The machines are shown to be heartless while the farmers are connected with the land. He who tills the land with his blood and sweat is the rightful owner of the land - not some large corporation. Steinbeck pretty much proposes that we stop the march of modernization. Go against the natural scheme of things in a way.
However, the Dust Bowl of the 1920s was a human tragedy caused by overpopulation.The implications on human life were tragic, but fact remains that we ended up over populating an area which couldn't sustain the human density. Natural balance had to occur. Maybe I appear radical because most droughts or famines could then be explained away as 'natural corrections'. What about the eyes of helplessness, the starving children, etc? As an answer, I think we just need to expand our lens a bit.
We as a species have taken over forests and converted them into farmlands. Sent several species into extinction in the process. There could have been a similar impassioned appeal by nature against man. But the fact is, it was in the natural course of things. About 20,000 years ago, we became at last the one species in the history of the earth which could
Grasslands are by definition areas where denser vegetation is unable to survive (due to difficult climate). Instead, they sustain a delicate ecosystem comprising grasses, birds, small rodents, etc. However we humans have time and again converted grasslands into farms. The result? These farms may run fine for 10 or 20 years, and then boom, one day nature catches up via a large drought. Steinbeck himself talks about this sequence of events (rampant agricultural-ization of Oklahoma wildlands) as the precursor to the dustbowl events of the 1920s. So when the drought did hit, population was bound to rebalance. Then why blame the machines?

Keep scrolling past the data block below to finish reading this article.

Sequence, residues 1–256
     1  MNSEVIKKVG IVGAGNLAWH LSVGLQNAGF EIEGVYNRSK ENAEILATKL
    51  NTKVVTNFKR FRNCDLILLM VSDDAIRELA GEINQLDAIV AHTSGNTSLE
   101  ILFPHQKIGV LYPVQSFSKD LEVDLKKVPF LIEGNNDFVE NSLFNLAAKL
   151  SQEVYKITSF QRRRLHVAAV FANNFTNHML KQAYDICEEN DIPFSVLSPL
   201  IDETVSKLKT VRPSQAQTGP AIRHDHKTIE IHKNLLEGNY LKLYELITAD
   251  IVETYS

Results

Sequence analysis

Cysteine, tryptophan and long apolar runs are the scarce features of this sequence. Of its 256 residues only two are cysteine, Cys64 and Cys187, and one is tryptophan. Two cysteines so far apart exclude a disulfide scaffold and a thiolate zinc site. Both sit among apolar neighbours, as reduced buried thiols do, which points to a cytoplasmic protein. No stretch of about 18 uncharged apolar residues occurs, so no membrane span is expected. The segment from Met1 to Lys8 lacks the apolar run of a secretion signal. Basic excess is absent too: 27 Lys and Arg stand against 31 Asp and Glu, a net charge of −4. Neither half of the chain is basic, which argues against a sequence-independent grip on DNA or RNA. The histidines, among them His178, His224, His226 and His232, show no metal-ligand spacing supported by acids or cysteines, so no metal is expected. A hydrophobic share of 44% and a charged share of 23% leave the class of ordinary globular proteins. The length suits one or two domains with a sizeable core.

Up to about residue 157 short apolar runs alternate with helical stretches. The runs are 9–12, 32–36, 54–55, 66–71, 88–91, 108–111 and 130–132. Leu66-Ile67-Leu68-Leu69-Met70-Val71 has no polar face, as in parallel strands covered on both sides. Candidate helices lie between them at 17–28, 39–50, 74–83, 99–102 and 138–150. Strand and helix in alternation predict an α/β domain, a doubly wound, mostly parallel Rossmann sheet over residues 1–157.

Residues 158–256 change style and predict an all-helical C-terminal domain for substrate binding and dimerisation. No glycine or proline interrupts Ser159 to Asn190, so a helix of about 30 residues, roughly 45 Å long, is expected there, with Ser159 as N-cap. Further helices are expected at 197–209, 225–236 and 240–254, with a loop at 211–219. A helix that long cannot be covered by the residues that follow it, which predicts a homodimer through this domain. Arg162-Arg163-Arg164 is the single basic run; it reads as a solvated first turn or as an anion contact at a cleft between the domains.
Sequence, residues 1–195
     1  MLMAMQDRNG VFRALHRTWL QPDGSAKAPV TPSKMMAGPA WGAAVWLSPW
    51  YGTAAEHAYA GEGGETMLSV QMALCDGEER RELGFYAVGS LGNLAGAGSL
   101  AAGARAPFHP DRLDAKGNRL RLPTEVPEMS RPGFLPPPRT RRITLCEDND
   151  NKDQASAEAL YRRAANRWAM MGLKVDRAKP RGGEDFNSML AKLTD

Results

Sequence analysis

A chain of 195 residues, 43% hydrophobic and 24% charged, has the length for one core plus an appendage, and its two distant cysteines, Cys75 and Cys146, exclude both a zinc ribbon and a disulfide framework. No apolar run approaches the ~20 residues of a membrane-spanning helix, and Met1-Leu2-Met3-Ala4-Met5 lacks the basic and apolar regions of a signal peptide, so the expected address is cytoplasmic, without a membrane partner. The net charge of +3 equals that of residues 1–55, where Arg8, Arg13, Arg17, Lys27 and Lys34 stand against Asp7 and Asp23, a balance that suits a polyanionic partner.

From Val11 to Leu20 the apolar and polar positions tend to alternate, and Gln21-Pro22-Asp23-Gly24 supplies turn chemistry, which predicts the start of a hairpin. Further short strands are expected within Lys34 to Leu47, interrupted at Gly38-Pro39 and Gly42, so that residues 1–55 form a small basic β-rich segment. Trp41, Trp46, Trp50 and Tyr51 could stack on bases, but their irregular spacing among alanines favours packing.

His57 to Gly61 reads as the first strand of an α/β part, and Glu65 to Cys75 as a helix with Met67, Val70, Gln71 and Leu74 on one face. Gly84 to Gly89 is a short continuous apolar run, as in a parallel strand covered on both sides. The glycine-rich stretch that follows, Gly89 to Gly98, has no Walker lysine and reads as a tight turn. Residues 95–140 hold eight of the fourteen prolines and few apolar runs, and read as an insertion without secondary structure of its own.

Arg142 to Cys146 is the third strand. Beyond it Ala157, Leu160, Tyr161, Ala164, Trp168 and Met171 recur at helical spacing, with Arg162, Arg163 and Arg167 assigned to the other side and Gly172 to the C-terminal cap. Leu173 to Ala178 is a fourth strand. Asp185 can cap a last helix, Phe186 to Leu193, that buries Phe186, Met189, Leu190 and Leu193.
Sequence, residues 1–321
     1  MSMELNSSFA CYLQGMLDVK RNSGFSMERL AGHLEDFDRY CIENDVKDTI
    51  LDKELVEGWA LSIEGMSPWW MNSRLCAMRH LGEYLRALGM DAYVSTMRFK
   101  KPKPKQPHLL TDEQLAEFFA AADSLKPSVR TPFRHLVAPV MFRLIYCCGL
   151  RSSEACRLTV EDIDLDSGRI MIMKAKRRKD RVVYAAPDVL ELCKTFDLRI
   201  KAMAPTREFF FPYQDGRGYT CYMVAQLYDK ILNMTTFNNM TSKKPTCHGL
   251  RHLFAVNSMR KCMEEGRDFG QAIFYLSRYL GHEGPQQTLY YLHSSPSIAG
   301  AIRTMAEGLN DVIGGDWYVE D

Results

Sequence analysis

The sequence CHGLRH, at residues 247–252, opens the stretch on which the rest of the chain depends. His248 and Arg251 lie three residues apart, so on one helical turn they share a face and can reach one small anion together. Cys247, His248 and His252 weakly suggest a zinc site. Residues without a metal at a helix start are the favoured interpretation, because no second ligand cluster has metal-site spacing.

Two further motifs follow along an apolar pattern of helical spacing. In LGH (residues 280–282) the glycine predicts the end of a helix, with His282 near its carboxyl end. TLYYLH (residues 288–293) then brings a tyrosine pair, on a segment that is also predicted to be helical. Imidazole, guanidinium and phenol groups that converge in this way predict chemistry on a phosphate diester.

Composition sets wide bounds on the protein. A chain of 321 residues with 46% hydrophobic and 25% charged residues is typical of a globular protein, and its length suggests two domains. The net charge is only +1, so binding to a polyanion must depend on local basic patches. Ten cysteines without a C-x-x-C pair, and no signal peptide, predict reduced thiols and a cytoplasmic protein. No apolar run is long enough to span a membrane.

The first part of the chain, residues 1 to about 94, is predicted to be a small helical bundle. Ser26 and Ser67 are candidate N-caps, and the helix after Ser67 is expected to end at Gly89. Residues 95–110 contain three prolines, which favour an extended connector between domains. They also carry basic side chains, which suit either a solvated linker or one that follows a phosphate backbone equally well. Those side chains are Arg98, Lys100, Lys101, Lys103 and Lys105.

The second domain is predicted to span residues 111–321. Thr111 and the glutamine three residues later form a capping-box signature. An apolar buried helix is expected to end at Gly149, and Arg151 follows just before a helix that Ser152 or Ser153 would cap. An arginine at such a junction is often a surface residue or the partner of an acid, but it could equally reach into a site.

I believe that the same issue holds true for semi-arid areas of the Indian subcontinent. Parts of Vidarbha, Telangana, perhaps Orissa...they probably can't sustain the level of farming we have today (where every square inch of non-hilly terrain is under farms). Absolute recipe for disaster. Agricultural advances in the 60s (Green Revolution) mean that at least the farmers in these regions wont die for lack of food, but it becomes difficult for them to sustain anything but the most basic, haphazard lives. Perhaps that is the reason why tragic farmer suicides are so common here. But while this human tragedy has been unfolding over the last few decades, an equally tragic consequence has been the extermination of grassland species. The Great Indian Bustard is of course the poster-boy of grassland species. Nearly extinct. So too are dozens of other, smaller species. How is one to say which is the greater tragedy?